Oskar is a representation of the feelings we hate, even if we love and sympathize with him and cheer for his inevitable revenge.
And Oskar does get delicious revenge.
We could say that maybe the violence of Let the Right One In also put up some barriers on its way to mainstream success. Twilight posits an imminent danger, both in Edward and in other vampires, but the rare glimpses of violence are neutered – easier to digest for mainstream audiences who aren’t used to seeing much blood.
The intensity of physical attraction takes the main stage instead.
Like Oskar, Let the Right One In became an outcast all its own – only beloved by horror fans.
The film — like the book it is based on — centers on Oskar, a lonely boy with well-meaning but somewhat absent parents. His prime idea of entertainment is daydreaming about creating an end to an onslaught of suffering brought on by his bullies.
Then comes Eli. A pale girl who has moved in next door with a man who is assumed to be her father, she is alone, too.
Though she puts on a front of disinterest at first, telling Oskar that she cannot be his friend, the two soon become good friends and even communicate in morse code through the wall that connects their rooms. And when Eli eventually learns about Oskar’s bullies, she is the first to encourage him to fight back.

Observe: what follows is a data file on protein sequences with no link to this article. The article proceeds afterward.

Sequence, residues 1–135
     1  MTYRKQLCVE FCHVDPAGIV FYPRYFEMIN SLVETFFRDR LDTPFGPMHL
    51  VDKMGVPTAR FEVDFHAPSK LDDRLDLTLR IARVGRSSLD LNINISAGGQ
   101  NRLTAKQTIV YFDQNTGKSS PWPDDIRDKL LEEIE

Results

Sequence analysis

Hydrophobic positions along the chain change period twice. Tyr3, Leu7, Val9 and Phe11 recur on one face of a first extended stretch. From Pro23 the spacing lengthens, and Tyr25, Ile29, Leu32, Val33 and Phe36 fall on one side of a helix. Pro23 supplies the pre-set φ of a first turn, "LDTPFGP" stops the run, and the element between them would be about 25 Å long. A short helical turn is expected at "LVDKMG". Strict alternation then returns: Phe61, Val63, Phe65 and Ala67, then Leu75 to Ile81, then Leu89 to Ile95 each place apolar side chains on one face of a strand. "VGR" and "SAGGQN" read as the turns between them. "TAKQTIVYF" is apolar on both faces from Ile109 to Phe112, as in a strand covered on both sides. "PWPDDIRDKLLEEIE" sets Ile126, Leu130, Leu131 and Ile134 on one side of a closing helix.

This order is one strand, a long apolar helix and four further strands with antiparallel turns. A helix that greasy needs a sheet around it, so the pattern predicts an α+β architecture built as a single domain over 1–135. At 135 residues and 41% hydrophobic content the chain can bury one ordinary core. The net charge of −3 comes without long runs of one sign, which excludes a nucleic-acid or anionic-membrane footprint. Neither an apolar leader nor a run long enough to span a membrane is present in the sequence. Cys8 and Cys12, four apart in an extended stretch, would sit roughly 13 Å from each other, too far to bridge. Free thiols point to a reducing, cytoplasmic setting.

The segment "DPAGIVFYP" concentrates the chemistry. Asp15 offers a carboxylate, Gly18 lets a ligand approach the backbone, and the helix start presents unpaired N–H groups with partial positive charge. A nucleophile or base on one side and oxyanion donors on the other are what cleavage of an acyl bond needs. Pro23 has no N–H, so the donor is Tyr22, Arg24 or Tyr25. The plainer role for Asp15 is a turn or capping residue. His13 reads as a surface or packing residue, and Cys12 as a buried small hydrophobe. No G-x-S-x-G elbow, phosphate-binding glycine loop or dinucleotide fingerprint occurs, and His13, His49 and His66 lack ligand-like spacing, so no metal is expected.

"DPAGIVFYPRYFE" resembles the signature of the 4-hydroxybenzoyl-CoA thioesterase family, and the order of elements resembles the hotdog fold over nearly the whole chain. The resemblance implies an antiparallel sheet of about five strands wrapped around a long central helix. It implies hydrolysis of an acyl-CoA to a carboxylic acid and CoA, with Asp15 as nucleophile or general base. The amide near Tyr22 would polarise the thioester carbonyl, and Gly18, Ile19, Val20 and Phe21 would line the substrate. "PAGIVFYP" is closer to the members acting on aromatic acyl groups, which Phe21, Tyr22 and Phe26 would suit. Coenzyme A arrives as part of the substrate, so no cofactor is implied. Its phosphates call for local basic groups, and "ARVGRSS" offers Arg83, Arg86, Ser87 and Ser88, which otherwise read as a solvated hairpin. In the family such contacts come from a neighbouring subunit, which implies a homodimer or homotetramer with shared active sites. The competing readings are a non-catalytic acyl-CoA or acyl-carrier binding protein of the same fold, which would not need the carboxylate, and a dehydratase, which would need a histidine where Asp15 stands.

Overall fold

When that plan comes around to bite him in the end, she then becomes the one to save him.
Another layer of otherness that Let the Right One In deals with that Twilight doesn’t touch, is sexual orientation.
Oskar has seemingly never really thought about his sexuality, and at first, the introduction of Eli doesn’t really call for him to examine his feelings. After all, she is presented as a young girl. But Eli goes to great pains to show Oskar who she really is.
Though Eli accepts being called a girl, she outright tells him that she isn’t one.
The book goes into greater and more horrific detail on this subject, while the movie briefly flashes Eli’s scarred, smooth, genitalia.
As Eli would put it, she is “nothing”. But Oskar doesn’t really care. He loves Eli, so if Eli is nothing, that’s what he loves.
And of course, there is sinister sexuality lurking through the film in the form of Hakan. The character is an unfortunate glimpse into what could, and might, become Oskar’s future.
He is who cares for Eli, who everyone believes is her father. But instead of a paternal figure, he is hopelessly in love with her; to the point where he would gladly disfigure himself with acid before anything bad could befall her. His pleas for her love aren’t returned, and his focus on younger boys grows with the rejection.
But in the end, Hakan is just a possible offshoot for our loner.
Eli isn’t disgusted by Oskar like she is with Hakan. There is real love between the two of them.
As the two take the train out of town together, we don’t know if he’ll be turned into a vampire to be with her forever, or if that’s even something he wants. All we know is that for now, they’re happy together. I think that’s a pretty good love story, don’t you?